Pizzeria Lo Scricciolo
Via del Lavarote 41 00187, Rome, Italy
We’ve had a big day out, walking kilometre after kilometre, seeing Rome. We’ve been back to the hotel room for a hot shower, a 30 minute afternoon nap, a change into warmer clothes for night. I’ve grabbed my purse with our room key and a phone, and my camera, and we’ve hit the streets again. So, we’re walking down the cobble-stoned streets of Rome, it’s a little chilly, but we’re rugged up in scarves and coats and beanies.
Then it hits us. We haven’t eaten in a while. Crap, we’re hungry. It hits us like a ton of bricks, if we don’t stop walking and eat immediately, something bad is going to happen!!!! Luckily, we’re just coming up to the Trevi Fountain – we’d seen it earlier in the day, but I told husband it really comes into it’s own at night, and we had to go back again! Luckily, it was his first visit, my second, and I had the advantage of speaking Italian, so I definitely had the advantage of guiding him around to the things I wanted to do (also, luckily, we’re generally on the same wave-length when travelling, so he had no complaints!).
At our moment of desperate hunger, we saw this sign hanging on a little building. Sounded good to us!
So, in we went! It’s funny, we had the same welcome in every establishment we visited in Italy. We’d first be stared up and down, a barely discernible roll of the eyes, you could almost hear the “ehhh, tourists… great.” That look that all locals give tourists, that real mehh kinda feel you get from them, like they are appreciative to have your business but also a little resentful that you’re in their city, turned to shock, sometimes even embarrassment (especially if words were muttered under their breath or to their colleagues and companions) when I asked for a table for two in perfect Italian. Then, they seemed to be confused – I can speak Italian without a particularly noticeable Aussie accent, I can form my words well and use correct sentence structure. I was raised by four Italian grandparents who didn’t speak a heap of English, after all.
We loved this, it went on all over Italy, and it never got any less entertaining. Husband’s highlights were when people were talking about us in Italian, assuming we were dumb old tourists who couldn’t understand, and he’d elbow and goad me into saying something very pleasant and polite, maybe asking them a question, in their native tongue.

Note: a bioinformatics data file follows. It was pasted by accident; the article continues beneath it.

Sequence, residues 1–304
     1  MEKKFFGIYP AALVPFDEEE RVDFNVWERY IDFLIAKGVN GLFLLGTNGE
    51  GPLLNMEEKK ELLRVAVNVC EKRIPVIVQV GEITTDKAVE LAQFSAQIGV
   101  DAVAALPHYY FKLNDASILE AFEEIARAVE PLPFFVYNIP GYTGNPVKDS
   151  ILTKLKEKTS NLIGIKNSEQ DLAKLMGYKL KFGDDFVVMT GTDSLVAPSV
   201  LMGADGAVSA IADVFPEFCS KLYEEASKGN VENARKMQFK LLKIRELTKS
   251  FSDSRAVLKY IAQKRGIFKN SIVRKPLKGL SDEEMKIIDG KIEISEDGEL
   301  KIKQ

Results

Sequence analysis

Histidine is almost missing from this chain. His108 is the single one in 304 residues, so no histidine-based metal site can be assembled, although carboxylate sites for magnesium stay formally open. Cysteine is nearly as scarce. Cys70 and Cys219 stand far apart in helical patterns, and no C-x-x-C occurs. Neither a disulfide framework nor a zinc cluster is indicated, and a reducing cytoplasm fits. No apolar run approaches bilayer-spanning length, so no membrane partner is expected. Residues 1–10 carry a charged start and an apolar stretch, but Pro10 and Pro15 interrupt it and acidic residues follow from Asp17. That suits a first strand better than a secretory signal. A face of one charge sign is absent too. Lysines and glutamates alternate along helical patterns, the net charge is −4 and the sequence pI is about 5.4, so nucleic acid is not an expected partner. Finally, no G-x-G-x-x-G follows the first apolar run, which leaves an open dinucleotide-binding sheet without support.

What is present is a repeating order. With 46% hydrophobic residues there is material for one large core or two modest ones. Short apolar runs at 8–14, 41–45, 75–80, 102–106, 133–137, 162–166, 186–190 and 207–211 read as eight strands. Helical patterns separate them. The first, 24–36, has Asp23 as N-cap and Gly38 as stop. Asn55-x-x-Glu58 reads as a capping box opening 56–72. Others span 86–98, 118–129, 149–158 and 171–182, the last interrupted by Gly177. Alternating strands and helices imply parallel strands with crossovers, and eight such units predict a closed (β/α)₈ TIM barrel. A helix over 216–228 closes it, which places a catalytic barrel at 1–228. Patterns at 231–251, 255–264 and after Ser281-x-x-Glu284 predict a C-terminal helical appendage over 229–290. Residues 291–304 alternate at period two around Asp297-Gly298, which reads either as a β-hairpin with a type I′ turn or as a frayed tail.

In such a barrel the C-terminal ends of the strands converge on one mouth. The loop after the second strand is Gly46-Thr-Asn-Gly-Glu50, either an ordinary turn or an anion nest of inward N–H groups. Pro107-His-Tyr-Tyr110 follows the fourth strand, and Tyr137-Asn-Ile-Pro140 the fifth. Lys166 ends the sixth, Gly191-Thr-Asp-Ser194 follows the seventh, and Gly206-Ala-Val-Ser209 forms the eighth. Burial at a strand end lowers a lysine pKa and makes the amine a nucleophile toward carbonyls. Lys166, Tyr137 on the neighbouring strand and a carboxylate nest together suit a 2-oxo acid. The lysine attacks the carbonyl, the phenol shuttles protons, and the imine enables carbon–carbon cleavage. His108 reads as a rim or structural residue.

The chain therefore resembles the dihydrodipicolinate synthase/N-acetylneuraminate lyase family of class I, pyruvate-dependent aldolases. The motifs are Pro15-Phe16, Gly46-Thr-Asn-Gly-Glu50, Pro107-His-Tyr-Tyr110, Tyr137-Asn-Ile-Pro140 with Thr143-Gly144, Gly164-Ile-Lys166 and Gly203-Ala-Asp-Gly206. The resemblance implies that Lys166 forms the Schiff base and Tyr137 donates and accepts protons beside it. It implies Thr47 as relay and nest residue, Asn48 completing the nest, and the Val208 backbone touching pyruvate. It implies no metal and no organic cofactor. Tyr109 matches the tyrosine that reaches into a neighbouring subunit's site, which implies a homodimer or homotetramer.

Anyway, after that, once they got over their surprise, we were like long-lost kin and welcomed to the family! We were seated towards the front of the restaurant, where we could look out onto the street and do some serious people watching (one of my favourite pass times in a big city). It was warm, homely, smelt amazing, and reminded me of sitting at my Nonna and Nonno’s house at home after they’d made pizzas fresh out of their pizza oven, right down to the plates on the wall and the fruit bowl on the counter. We took off our coats and scarves, and ordered a wine for me, a beer for husband, and some pizza…
I guess we were pretty lucky that we stopped in early (around 5.30pm), as everything was just rolling out fresh. And you could really tell – the crust was still crispy on the bottom, and the toppings were still hot from the oven. It’s not 5 star, it’s nothing absurdly special, but it was perfect for us – a few slices of pizza on our way through to more exploring.
I would definitely recommend a stop here if you’re in Rome and doing much the same – that 5.30 – 6.30pm time slot is way too early for most people to have dinner, but it’s a perfect stop if you’re planning to move on to something else later, a really great pre-dinner drink and slice option! It was cheap too, which is always a bonus is a big city like Rome!
Oh, and the best part? We walked out to this…. perfect : )